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Jonathan Leake gives an overview of his project and early results.

Publicado en: Ciencias
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  1. 1. Prof. Jonathan Leake Prof. Duncan Cameron Prof. Rob Freckleton Prof. Mike Burrell Prof. Steve Banwart Dr Dylan Childs Dr Jill Edmondson Ruth Wade Prof. Les Firbank Prof. Joe Holden Dr Pippa Chapman Dr Richard Grayson Prof. Mark Hodson Dr Thorunn Helgason SoilBioHedge Harnessing hedgerow soil biodiversity for restoration of arable soil quality and resilience to climatic extremes and land use changes. Dr Lisa Norton, Dr Alastair Leake, Dr Nicola Hinton, Dr Matthew Shepherd, Dr Derek Pedley, Dr Emma Sherlock, Dr Wendy Seal Peter Burgis Oliver Pilbeam Harnessing fundamental biological and ecosystem science to create more resilient and sustainable farming systems
  2. 2. Wood-to-Hedge-to-Field Leeds University Farm > 20 years continuous arable cultivation 60% of years growing winter wheat. Ewan Marshall-Harries MBiolSci project 2013
  3. 3. Wood Hedge 2 m 32 mGrassy strip margin Conventional Arable Field Wood-To-Field bioassay of wheat ~70% Ewan Marshall-Harries MBiolSci project 2013
  4. 4. Hedge 2 m 32 mGrassy strip margin Conventional Arable Field
  5. 5. Growing crops in arable land that is conventionally tilled and fertilized every year for decades has depleted soil organic carbon, destroyed soil macro- aggregates, degraded soil water-and nutrient-holding capacity, and impaired the functioning of mycorrhizal fungi that help maintain soil structure and SOC. 33% decline in water- holding capacity > 50% loss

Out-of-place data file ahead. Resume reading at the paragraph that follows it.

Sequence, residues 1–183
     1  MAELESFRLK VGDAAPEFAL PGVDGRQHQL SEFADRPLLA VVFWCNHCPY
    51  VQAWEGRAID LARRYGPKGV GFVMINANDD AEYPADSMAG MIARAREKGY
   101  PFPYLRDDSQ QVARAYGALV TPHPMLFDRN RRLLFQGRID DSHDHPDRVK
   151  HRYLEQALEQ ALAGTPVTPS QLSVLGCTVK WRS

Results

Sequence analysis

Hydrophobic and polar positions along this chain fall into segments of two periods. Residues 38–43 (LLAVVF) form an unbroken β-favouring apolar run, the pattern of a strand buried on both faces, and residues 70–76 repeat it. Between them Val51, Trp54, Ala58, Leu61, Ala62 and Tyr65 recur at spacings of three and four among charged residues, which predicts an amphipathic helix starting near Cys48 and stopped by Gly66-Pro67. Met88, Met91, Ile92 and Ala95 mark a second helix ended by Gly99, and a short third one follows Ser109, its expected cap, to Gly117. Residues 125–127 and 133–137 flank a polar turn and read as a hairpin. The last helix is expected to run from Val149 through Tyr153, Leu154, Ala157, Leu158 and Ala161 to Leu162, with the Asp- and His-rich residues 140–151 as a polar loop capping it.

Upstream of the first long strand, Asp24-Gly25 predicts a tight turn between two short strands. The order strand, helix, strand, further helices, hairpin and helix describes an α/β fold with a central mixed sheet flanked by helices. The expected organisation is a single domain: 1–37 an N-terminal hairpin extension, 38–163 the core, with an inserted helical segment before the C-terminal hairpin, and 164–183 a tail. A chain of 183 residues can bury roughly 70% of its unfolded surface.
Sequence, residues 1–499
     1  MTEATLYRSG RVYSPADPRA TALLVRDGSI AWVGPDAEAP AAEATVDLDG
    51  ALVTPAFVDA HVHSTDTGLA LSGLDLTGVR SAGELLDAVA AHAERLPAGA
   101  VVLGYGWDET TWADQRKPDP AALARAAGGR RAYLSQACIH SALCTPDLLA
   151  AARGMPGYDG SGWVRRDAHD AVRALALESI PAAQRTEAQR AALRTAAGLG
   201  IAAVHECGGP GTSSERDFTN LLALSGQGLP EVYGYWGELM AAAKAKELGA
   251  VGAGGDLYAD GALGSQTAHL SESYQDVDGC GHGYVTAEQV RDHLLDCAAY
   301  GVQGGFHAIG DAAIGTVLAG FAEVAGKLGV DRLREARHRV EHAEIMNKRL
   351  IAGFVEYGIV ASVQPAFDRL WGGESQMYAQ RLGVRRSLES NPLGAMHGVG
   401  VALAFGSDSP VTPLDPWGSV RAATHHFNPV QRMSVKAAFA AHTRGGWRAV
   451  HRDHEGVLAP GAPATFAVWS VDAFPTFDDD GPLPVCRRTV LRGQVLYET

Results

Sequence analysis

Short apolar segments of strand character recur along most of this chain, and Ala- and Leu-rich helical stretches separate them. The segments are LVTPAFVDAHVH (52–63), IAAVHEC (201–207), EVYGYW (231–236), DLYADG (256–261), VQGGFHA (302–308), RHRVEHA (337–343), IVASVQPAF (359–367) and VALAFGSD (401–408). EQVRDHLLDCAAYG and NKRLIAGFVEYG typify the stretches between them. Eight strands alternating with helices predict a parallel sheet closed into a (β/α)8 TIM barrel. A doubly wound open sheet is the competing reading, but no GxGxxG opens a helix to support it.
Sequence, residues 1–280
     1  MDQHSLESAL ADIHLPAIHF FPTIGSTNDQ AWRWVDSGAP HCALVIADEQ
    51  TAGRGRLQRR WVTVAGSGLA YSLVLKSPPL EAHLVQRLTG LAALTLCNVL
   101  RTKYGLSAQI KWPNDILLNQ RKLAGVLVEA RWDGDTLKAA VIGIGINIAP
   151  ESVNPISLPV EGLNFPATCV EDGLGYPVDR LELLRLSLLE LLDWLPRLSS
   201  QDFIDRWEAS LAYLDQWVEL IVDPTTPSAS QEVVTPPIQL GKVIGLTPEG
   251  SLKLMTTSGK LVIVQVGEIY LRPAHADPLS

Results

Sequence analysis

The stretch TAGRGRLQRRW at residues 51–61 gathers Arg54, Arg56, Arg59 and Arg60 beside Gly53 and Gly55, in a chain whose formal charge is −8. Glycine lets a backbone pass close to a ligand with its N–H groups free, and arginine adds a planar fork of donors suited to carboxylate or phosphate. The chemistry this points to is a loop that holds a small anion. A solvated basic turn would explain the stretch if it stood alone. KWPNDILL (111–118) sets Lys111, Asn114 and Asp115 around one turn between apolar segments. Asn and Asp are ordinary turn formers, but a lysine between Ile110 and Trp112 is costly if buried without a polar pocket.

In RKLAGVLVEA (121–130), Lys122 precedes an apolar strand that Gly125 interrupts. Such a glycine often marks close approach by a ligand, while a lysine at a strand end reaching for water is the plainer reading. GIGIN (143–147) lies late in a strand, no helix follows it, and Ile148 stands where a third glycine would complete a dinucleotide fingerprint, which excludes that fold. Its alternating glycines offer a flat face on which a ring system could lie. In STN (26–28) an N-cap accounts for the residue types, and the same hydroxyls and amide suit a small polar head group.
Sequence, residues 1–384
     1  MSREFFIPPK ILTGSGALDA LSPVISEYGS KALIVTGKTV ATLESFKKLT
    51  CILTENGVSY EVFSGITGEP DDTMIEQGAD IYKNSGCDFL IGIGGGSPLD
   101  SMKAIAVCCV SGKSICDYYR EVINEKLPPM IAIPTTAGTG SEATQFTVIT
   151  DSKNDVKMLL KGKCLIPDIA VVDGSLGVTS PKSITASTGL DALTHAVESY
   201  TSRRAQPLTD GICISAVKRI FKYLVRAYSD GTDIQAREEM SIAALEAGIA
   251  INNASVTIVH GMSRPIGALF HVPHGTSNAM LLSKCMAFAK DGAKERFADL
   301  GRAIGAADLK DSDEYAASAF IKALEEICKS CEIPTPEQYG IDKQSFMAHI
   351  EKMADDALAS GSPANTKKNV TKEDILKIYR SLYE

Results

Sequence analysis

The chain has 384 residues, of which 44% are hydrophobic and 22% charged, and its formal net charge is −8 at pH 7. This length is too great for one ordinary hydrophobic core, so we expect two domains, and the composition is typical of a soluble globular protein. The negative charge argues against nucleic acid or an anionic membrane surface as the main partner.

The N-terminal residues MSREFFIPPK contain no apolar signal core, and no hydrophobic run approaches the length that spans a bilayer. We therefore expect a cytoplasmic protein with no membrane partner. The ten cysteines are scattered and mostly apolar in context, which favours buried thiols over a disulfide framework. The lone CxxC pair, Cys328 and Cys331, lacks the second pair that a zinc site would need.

6. 6. Preliminary results Tiffany Aslam Effects of arable farming on soil fauna 0 10 20 30 40 50 60 70 80 90 Hedgerow Boundary 1m 2m 4m 8m 16m 32m Enchytraeidabundance0 2 4 6 8 10 12 14 16 Hedgerow Boundary 1m 2m 4m 8m 16m 32m Earthwormabundance Earthworms * Effect of distance when data grouped (‘margin’ (hedgerow, boundary); ‘field’ (1-32m) p = 0.035 Enchytraeid worms ** Effect of distance p = 0.001 * Effect of crop legacy p = 0.034 (OSR < VP < WW)
  7. 7. Oniscus asellus a common woodlouse has18,464 records whereas the most common earthworm A. caliginosa has only 584 records Earthworms- in the UK amongst the least recorded species.
  8. 8. Mean per sample 6.2 7.6 3.4 3.6 3.6 Mummey et al., (2006)
  9. 9. Modern agriculture severely reduces AM fungal diversity compared to woodland No. of samples in each Genus Arable Glomus Scutellospora Acaulospora 42 98 97 1 15 1 (Helgason et al., 1998)
  10. 10. Do hedgerows and field margins preserve important functional soil biodiversity? Can we harness this to restore degraded soil structure and function in arable fields? UK average field size =12 ha (400m x 300m); 960,000 km of field edges, 500,000 km hedgerow. Earthworm and / or mycorrhiza colonization at 2.5-15 m per year into new leys would cover 8-48% of a 12 ha field area in 3 years. After decades of research on soil biodiversity, the iconic hedgerow component of the British farm landscape, remains unstudied as a potential biodiversity refugia for AM fungi, and earthworms both of which are vital engineers of soil quality but depleted by arable farming. Countryside Survey Hypothesis: Leys that connect to hedgerows and grassy unploughed margins of arable fields enable key ecosystem- bioengineers (earthworms and mycorrhizal fungi) to colonise from these refugia thereby increasing the rate of restoration of soil quality compared to leys unconnected to field margins. Benefits from these soil-organism interactions include increases in water- stable macroaggregates, water holding capacity, infiltration rates, SOC storage, resilience to drought and excess water, and yields of subsequent crops.